Document Your Processes Before They Walk Out the Door
Grow Your Business, Not Your Inbox
Let’s face it, most entrepreneurs are really busy people. They are focused on launching their new products, raising capital or a multitude of other things. And, with the limited number of hours in a day, who could fault them if they let documenting their business processes slip down their priority list. That is, until one of their key employees quits with all that institutional knowledge undocumented in their head, and you are screwed, scrambling to pick up the pieces with no roadmap to help you.
This is a common problem that most entrepreneurs simply don’t think about until they have been burned by a departing key employee. So, before you fall into this camp, be warned -- documenting your business processes as you go is mission critical from day one. You never know when someone is going to be hit by a bus and all your systems’ login information and passwords are lost forever, as an example.
What needs to be documented?
So, take a pause and think about all the areas of your business that needs to be documented. Where do all my customer contacts reside? What was the last conversation my sales team had with my contacts? What is our desired layout for all marketing pieces and brand messaging? What techniques or phone scripts do we use to convert leads into sales? What should we be upselling to clients? What is our handoff procedure from sales to operations? What is your policy for handling customer complaints? Who has access to our bank accounts and accounting systems? How should we be collecting unpaid accounts receivables? What rules do we follow in building our technology code? And, the list goes on and on.
Training benefits from documentation.
Yes, it is a daunting task . . . the first time. But, once it is done, it can be easily maintained and updated from there. And, most importantly, it serves as a really good tool to train new employees with. So, not only is it a way to protect yourself from losing institutional learnings locked away only in the heads of your employees, it is a great way to come across as professional to new employees, to help them better understand the processes needed for their jobs. And, the faster a new employee is onboarded, the faster they are producing valuable results for your company.
How documentation should be stored.
Make sure these processes are centrally stored on your internal drives and are accessible to all employees that need to have access to such files. Perhaps segmenting your procedures by key department (e.g, sales vs. operations), and by level of role with your organization (e.g., vice presidents have access to more than Managers). You don’t want 100 percent of employees having access to 100 percent of your sensitive files for security reasons. So, make sure only the people that need to have access to those files, get access to those files.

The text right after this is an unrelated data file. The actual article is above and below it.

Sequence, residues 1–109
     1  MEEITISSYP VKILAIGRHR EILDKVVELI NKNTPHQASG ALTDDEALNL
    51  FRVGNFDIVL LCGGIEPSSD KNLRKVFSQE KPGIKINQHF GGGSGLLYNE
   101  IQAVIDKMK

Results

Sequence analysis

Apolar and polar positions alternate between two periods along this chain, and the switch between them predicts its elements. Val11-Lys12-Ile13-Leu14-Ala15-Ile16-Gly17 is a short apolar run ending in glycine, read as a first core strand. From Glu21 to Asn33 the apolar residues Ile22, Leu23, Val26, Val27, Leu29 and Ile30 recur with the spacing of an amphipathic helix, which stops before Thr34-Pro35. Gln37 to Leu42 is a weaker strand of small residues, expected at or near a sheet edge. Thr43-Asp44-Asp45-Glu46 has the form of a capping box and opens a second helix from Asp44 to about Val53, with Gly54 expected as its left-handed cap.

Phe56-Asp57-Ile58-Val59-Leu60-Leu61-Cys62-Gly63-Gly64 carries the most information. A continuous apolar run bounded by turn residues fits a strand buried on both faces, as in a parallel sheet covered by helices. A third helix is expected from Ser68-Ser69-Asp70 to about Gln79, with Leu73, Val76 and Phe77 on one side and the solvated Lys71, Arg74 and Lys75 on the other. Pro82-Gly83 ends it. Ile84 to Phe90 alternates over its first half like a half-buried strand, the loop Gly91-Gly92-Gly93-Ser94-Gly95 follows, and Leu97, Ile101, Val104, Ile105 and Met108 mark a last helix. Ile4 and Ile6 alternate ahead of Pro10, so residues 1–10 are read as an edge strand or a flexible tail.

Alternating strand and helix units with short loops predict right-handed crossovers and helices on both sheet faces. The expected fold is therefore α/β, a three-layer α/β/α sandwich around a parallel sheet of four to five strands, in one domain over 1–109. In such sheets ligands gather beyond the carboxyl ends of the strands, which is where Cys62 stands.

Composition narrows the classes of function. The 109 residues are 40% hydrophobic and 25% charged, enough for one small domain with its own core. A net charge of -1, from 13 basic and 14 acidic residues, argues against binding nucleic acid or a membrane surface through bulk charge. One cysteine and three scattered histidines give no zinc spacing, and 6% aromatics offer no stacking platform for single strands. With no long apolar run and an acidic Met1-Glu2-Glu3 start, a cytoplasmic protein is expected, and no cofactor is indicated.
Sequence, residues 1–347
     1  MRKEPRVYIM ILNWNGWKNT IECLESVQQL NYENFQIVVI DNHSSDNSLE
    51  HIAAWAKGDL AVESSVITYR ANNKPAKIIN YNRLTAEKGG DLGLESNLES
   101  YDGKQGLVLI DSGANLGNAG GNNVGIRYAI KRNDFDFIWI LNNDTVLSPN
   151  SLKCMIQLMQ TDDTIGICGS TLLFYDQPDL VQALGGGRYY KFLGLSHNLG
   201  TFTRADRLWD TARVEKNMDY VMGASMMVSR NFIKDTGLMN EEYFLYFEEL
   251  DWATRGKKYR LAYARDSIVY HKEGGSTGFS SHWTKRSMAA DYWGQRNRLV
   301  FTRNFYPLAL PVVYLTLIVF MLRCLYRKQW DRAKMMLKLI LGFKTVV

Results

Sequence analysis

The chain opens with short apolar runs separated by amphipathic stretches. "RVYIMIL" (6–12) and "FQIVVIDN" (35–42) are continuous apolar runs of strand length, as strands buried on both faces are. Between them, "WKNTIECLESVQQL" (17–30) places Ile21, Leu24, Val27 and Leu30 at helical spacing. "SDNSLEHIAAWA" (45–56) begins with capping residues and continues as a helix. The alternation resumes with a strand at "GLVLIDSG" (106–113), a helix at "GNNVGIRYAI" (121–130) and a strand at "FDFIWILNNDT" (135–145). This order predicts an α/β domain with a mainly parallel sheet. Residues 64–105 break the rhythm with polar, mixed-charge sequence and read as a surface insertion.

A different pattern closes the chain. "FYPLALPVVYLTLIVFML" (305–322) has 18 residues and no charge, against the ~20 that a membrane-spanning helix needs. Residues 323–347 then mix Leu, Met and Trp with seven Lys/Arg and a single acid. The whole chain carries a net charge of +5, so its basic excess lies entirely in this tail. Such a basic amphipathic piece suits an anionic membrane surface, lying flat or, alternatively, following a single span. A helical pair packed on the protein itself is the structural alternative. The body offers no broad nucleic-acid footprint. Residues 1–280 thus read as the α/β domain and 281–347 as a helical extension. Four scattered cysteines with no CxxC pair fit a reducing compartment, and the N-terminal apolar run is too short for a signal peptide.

Emphasizing the importance with your team...
And, make sure the importance of having these processes documented is trained into the DNA of your company. Let them know it is part of their job, to make sure these processes are documented, learned and followed by their teams. And, most importantly, updated as they may be changed over time. Most processes are typically not set in stone, they are fluid with the needs of the business or its customers. So, keeping the processes updated is critical to make sure new employees are learning the most current procedures.
. . . without over-processing your company.
That said, you don’t want to suffocate the life out of your business by having too many procedures. You want your organization to remain as flexible and nimble as the market demands require. So, it is much less about have a “process tsar” enforcing all your processes and making a militant environment for your staff (where they will most likely quit), and much more about letting your employees know the importance here, and having them tackle it in digestible pieces as they have time. But, they do have to make time.
So, I know it is a pain in the butt, but get your processes written down while you can, before you actually need it. You certainly don’t want your chief engineer leaving for another company before he clearly has documented all the “patches” only he knows exist in the millions of lines of code in your technology. And, for those of you that ignore this warning, prepare for a rude awakening when you need it most.